The Pros and Cons of Gardasil

Eileen Bailey Health Guide
  • In 2006, Gardasil, a vaccine to help protect against human papillomavirum (HPV) began to be given to girls as young as 9 years old and up to age 26. HPV is the leading cause of cervical cancer.

     

    According to the Centers for Disease Control and Prevention, approximately 6.2 Americans are infected with HPV each year. It is the most common sexually-transmitted infection in the United States. Over one half of all sexually active men and women will become infected with HPV sometime in their life. It is considered to be the leading cause of cervical cancer. Each year, cervical cancer is diagnosed almost 10,000 times and there are 3,700 deaths from cervical cancer in the U.S.

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    For most women, the body's natural defense system will fight the virus and they will never experience symptoms or even know they have the virus or do not develop any health problems related to HPV. However, the virus can cause abnormal cells in the lining of the cervix. These can later develop into cancer.

     

    The Pros of the Gardasil Vaccine

     

    Gardasil helps to protect girls and women from 6 types of HPV. Four of these cause 70% of all cervical cancer cases. The other two cause genital warts. Gardasil is effective when received before becoming sexually active as it does not treat HPV, cervical cancer or genital warts.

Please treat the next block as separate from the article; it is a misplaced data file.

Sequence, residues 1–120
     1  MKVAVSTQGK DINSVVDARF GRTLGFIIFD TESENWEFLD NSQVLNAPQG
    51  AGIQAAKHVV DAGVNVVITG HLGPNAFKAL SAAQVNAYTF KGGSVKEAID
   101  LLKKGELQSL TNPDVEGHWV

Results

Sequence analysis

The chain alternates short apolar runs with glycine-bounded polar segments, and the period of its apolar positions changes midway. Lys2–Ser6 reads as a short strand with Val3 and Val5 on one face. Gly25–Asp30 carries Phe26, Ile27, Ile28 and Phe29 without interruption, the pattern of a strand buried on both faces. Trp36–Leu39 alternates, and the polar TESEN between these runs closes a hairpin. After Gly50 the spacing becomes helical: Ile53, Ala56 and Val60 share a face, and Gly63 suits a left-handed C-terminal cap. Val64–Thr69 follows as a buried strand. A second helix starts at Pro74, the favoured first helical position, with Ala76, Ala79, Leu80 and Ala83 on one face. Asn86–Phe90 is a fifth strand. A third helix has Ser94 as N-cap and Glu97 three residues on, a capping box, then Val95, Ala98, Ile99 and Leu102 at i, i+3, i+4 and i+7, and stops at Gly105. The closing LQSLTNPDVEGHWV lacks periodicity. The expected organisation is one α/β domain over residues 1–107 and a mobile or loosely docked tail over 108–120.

Research has shown that girls and women have 100% protection for five years after having the vaccine. Current research is determining if a booster vaccine will be needed after this period of time or if protection will continue for a lifetime.

     

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    The Cons

     

    Gardasil contains aluminum. For anyone allergic to this metal, the vaccine should not be taken. However, aluminum is a common metal, found in other food products, including processed cheese and baby formula.

     

    The current debate on vaccines is fueling the debate that Gardasil is an unnecessary vaccine. According to an article in the Idaho Mountain Express, Dr. Nanette Ford states, "Cervical cancer is not that common. It grows very slowly, taking years from a normal Pap to true cervical cancer. The new virus immunization is kind of like when the Hepatitis B vaccine came out. The CDC wants everyone to get it. So parents are asking, ‘Why am I immunizing my child?' It's a blanket fix. If women have yearly exams and responsible sex with protection they may be exposed, but they will never die, under those circumstances, from cervical cancer."

     

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    But women do die, this year it is estimated that over 11,000 women will be diagnosed with cervical cancer and over 3700 will die.

     

     

     

     

     

     

     

     

     

     

    References:

     

    FDA Licenses New Vaccine for Prevention of Cervical Cancer, 2006, June 8, Federal Food and Drug Administration

    Important Information About Gardasil, 2008, Merck & Co. Inc.

    Pros and Cons of HPV Vaccine Debated, 2007, Jan 10, Dana Dugan, Idaho Mountain Express

Published On: August 14, 2008